Anna Gilley, MD, often worries about what would happen if her toddler got seriously sick while she was at work and the nanny didn’t know what to do. Working mothers in other professions might be able to leave their job at a moment’s notice, but Dr. Gilley says she doesn’t have that ability as a pediatric hospitalist at Hendricks Regional Health in Danville, Ind.
“Being a hospitalist, when I’m at work, I’m definitely at work. I cannot leave,” she says. “I have patients to look after who depend on me.”
So far, her daughter, who turned 1 last month, has been healthy. But the possibility of not being home if her little girl gets sick or injured weighs on Dr. Gilley’s mind.
With HM still a young medical profession and hospitalists with small children common, Dr. Gilley is not alone in her concerns. They range from the issues working mothers across professions experience (fatigue, time constraints, work-motherhood balance, breast-pumping) to such challenges as nontraditional work schedules and patient obligations that are unique to physicians.
“Sometimes you feel like you are the only person in the world who is going through this, but obviously you’re not,” Dr. Gilley says. “There is always a benefit to having people who have gone through the same thing you are going through.”
Pregnancy and Maternity Leave
When Jane Yeh, MD, a hospitalist at Overlake Hospital in Bellevue, Wash., was pregnant with the first of her two children, she often would seek advice from a colleague who had given birth two years before. The guidance she received then is something Dr. Yeh, who has sons ages 2 and 4, now passes along to hospitalists who are expecting.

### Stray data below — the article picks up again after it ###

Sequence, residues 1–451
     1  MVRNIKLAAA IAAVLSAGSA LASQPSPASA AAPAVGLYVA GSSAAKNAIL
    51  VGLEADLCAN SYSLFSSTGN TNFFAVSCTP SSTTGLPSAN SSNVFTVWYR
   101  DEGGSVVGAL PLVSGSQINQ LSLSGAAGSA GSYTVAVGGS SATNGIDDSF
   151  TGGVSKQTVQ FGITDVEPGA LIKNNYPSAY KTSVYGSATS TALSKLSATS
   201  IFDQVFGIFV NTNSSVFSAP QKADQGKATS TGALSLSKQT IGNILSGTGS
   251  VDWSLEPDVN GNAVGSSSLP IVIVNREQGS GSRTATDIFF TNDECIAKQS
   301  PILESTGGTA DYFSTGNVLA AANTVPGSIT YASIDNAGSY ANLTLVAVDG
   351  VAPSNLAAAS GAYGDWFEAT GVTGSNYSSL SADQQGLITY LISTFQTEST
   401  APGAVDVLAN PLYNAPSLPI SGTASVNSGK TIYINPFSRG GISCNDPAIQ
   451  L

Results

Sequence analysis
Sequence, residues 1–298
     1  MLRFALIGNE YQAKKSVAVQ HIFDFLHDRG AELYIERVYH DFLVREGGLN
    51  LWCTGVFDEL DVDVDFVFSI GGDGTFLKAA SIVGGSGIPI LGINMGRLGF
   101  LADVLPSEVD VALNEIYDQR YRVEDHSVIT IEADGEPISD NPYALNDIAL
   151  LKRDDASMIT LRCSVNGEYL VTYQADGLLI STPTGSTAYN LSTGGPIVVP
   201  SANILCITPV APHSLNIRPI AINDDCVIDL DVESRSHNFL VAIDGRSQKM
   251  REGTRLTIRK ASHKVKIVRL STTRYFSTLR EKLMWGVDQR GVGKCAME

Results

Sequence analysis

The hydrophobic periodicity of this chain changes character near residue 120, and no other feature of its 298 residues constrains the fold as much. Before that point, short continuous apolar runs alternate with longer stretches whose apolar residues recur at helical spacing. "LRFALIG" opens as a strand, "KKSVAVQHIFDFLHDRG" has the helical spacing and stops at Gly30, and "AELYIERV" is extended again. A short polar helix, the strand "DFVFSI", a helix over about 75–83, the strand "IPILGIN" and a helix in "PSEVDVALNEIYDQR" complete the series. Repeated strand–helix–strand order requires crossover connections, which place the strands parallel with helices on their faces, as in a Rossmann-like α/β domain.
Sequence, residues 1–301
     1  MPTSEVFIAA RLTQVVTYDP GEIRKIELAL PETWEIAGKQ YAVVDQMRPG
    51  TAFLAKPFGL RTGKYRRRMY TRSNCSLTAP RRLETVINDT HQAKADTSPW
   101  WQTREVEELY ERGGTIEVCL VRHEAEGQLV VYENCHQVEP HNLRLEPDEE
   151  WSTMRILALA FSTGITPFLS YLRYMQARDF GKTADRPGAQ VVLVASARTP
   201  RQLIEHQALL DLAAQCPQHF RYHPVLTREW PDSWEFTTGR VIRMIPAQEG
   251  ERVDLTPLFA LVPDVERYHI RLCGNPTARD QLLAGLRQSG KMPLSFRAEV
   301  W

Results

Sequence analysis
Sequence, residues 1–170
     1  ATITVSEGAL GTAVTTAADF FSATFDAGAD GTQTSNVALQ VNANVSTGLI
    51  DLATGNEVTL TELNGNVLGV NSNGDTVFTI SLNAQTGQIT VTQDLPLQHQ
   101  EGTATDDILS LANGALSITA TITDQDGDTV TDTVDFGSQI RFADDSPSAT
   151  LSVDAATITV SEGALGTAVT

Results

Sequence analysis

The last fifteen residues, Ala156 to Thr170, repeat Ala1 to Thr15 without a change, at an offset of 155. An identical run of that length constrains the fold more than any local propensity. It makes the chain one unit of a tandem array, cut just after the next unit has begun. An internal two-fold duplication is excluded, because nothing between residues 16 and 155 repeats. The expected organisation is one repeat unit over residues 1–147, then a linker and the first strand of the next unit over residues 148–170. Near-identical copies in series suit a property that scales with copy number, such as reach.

“Keep an open mind and don’t put yourself into a corner that you can’t back out of,” she says.
Having a baby completely changes a person’s life, so when hospitalists speak with their group directors about work after maternity leave, they should avoid committing to a full-time contract and fixed start date, and instead talk about opportunities for flexibility, Dr. Yeh says.
Upon giving birth to her first son, Dr. Yeh’s initial thought was to take three months’ maternity leave and go back to work on a 0.6 FTE basis. Eventually, she returned to the job after four months and gradually added shifts over the next four to eight weeks to reach 60% working time. “It was the whole first-time mother thing,” she says, adding hospitalists on maternity leave should openly and honestly communicate their work intentions with their director.
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Plan on taking as much maternity leave as possible under the law and workplace policy, counsels Roberta Chinsky Matuson, who has advised scores of pregnant women across professions about work-related topics as president of Northampton, Mass.-based Human Resources Solutions. “You can always come back early,” Matuson says.
While Hendricks Regional Health allows a maximum of 12 weeks of maternity leave, Dr. Gilley took 10 weeks. Under her seven-on/seven-off schedule, she works one week of day shift followed by one week off, and one week of night shift followed by one week off. “I think if I were working every day, I would have taken advantage of the full 12 weeks off, but 10 weeks was good enough for me,” she says.